Danceletter 3

At the Ballet

Last weekend I went to New York City Ballet with my friend IB, who was visiting from out of town, and who hadn’t been to the ballet in about a decade. I really liked hearing her outside perspective, for instance her spot-on assessment of Justin Peck’s Principia, new this season, as “a ballet for millennials.” (I should note that we are both, technically, millennials.) Forsythe’s Herman Schmerman struck her as “gendered,” and I had to break it to her: Pretty much all ballet is gendered. Both of us cried during Kyle Abraham’s The Runaway. People (myself included) have talked so much about his use of Kanye West and Jay-Z, but let’s not forget about that devastating James Blake section at the end. We agreed that Taylor Stanley (The Runaway’s star) is astonishing. If you haven’t seen the work, or even if you have, there are a bunch of good videos here.

I was thinking about things I’ve said, in print, about Justin Peck, and whether they hold up. I’ve always admired his efforts to play around with partnering conventions. In 2014, reviewing his Year of the Rabbit, I wrote: “How is it that the women in Mr. Peck’s work seem autonomous, even when lifted and supported by their male peers?” Later that year, after seeing Everywhere We Go, I observed: “In an art form so often concerned with romance, Mr. Peck consistently seems more interested in friendship.” And in 2017, reflecting on The Times Are Racing, I noted “his boldness in creating gender-neutral roles for two central duets, a rarity in ballet and a refreshing statement.”

Lately though, maybe having been sufficiently refreshed, I find myself feeling impatient. Principia, a large ensemble work to a Sufjan Stevens score, contains a lot of beautiful same-sex partnering — more than we could have expected five years ago. But I’m ready for Peck, or someone, to start pushing gender-role boundaries further and faster, especially when it comes to relationships among women. There’s a long section for just the women in Principia, in which partners sort of thread their arms together and make kaleidoscopic shapes with their hands. It’s a nice attempt at switching up the old man-supports-woman dynamic, but overall it’s so delicate, so… cute. In 2017 Lauren Lovette made a breakthrough (for herself and the art form) with her romantic male duet in Not Our Fate. But I have yet to see female partnering on the City Ballet stage, by an artist of any gender, that expresses something more complex or daring or nuanced than “we’re friends having a great time.” When will we move beyond that?

Maybe when more women start making ballets (paired with more opportunities to present them on a large scale), and yes, I talk about this all the time, but even old, basic points bear repeating. There’s some excellent news on this front (about which I’ve already freaked out on social media): Pam Tanowitz, great inventor of works rooted in but stretching the limits of the classical vocabulary, will create her first work for City Ballet this spring and another in 2020. It took a while for the powers that be to extend this invitation, but better late than never, and I’m so excited to see what she does.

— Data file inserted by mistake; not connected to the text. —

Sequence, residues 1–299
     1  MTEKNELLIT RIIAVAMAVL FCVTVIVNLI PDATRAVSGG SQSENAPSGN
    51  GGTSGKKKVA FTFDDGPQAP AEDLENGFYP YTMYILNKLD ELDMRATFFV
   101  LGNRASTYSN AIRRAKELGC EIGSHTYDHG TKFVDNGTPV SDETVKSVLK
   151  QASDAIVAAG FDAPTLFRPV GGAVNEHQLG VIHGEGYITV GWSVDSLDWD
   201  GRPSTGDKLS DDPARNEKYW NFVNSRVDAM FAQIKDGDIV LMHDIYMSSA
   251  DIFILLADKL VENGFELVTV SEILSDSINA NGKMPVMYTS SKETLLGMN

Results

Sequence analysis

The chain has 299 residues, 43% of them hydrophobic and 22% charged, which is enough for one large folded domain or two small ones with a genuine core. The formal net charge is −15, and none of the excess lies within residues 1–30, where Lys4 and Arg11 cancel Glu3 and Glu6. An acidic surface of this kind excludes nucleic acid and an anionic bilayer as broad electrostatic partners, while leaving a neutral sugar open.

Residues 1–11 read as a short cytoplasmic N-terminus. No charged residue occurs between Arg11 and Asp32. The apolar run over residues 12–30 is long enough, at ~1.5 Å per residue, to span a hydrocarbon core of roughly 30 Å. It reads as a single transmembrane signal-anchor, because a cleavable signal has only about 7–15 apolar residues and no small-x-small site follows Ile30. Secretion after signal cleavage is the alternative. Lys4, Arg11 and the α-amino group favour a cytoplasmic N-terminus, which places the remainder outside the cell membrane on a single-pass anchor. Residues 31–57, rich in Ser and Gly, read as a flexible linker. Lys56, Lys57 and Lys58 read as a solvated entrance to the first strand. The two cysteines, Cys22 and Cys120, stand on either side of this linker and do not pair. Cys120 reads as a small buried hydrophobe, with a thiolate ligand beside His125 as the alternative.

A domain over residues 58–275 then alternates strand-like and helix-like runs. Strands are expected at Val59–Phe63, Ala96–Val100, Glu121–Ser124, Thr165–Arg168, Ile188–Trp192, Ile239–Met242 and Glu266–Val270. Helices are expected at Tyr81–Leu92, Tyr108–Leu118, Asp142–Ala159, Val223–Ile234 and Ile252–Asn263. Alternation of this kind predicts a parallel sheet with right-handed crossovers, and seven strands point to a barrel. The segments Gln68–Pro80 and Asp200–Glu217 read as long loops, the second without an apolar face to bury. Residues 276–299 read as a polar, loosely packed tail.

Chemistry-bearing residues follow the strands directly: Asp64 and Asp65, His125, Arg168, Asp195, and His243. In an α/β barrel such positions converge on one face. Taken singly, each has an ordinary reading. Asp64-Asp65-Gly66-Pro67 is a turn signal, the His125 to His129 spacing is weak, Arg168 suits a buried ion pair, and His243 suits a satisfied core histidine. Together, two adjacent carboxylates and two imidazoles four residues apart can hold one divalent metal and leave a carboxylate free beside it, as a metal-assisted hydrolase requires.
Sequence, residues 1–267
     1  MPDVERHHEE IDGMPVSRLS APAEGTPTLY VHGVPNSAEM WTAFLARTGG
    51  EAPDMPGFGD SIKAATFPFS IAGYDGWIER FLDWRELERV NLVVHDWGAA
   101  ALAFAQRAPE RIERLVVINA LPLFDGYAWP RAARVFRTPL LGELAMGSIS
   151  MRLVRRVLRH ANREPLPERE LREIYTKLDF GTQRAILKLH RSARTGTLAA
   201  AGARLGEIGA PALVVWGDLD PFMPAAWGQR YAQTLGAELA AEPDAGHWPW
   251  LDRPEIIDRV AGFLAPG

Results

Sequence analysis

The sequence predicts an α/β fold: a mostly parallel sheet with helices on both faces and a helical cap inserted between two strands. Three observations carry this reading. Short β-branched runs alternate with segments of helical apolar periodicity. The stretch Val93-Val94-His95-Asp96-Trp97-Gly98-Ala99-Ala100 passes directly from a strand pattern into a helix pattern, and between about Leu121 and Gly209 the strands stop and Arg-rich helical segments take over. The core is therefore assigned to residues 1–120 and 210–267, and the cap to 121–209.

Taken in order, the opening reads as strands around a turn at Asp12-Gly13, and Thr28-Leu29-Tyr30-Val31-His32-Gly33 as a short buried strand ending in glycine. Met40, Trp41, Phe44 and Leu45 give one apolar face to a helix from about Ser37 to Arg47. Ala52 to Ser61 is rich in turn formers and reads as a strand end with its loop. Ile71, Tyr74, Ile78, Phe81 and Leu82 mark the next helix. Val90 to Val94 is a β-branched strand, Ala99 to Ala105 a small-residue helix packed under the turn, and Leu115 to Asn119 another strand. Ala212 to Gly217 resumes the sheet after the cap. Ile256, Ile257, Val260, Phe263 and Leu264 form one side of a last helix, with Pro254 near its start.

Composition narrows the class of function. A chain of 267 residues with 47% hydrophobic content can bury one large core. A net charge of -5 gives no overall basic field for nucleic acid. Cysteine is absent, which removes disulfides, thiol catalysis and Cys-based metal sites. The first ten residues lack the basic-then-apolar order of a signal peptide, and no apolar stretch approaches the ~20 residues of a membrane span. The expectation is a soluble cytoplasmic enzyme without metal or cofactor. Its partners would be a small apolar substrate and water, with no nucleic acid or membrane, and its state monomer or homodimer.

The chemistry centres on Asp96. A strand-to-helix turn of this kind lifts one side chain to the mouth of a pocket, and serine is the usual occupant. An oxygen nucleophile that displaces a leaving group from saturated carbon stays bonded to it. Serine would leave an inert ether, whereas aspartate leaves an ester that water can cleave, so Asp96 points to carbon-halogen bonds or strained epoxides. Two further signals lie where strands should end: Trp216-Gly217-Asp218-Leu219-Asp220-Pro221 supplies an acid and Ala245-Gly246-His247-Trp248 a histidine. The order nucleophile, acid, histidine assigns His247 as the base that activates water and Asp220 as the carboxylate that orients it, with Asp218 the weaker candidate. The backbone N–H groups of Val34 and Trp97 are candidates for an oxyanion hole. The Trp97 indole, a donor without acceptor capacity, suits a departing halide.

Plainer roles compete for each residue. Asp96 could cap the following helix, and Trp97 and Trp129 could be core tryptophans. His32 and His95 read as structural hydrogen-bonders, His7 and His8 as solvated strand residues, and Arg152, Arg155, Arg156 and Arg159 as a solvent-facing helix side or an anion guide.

From the Internet

Three finds in keeping with the ballet theme:

Ballet shoe emoji: My brother, a software developer whose field every so often intersects with mine, informed me that a ballet shoe emoji has been approved, to be released (I think) later this year. I can’t claim to have read every word of this proposal for its creation — written by a tech company manager and barre class enthusiast in Brisbane, Australia — but skimming it was entertaining. The emoji itself, alas, looks kind of like a pink loafer with ribbons.

Joan Acocella on New York City Ballet: You’ve probably already read this, but just in case, I’m leaving it here. I appreciate Acocella’s analysis of the reign of Peter Martins through the lens of his often “middling” ballets. I’m also glad that she acknowledges the shadiness of the company’s “investigation” into the allegations of abuse against him. My only reservation about the essay is its largely uncritical glorification of Balanchine. Don’t get me wrong: I love a Balanchine ballet and basically agree that he was “an artist on the order of Bach or Tolstoy.” But surely there’s more to say about his attitudes toward women than the mere aside that his “career was marked, even shaped, by serial infatuations.” Surely Martins didn’t singlehandedly foster a culture of mistreating dancers. For more on that, I recommend this blog post by James Steichen.

Swapping Roles in Class: Speaking of gender and ballet, did you see this article by Madison Mainwaring on women training in men’s technique and vice versa? One of the more hopeful and genuinely eye-opening ballet-related stories I’ve read lately.

What I’ve Been Working On

A lot (at least it feels that way), but I don’t have much to show for it just yet. For now I give you my review of Camille A. Brown’s ink, which I loved. Her company is touring, so check to see if ink is coming to a stage near you.

Shows (etc.) to See

Is it just me, or is it kind of a quiet time? I’m looking forward to the flamenco dancer Farruquito at Town Hall on Feb. 22 (wrote a tiny bit about him here); Angie Pittman / Johnnie Cruise Mercer at Danspace Project, Feb. 28-March 2; and (a little last-minute but) Emily Wexler’s open studio at MoMA PS1 tomorrow, Feb. 17.


In awe of these people:

Thank You!

The response to Danceletter has already been much greater than I expected. ~Thank you~ for signing up, sending encouraging words, and replying with your own stories and thoughts and questions. (FYI, if you reply to the email, it goes directly to me, and I like to hear what you think!) As always, feel free to spread the word, tell a friend, etc.

Till next time,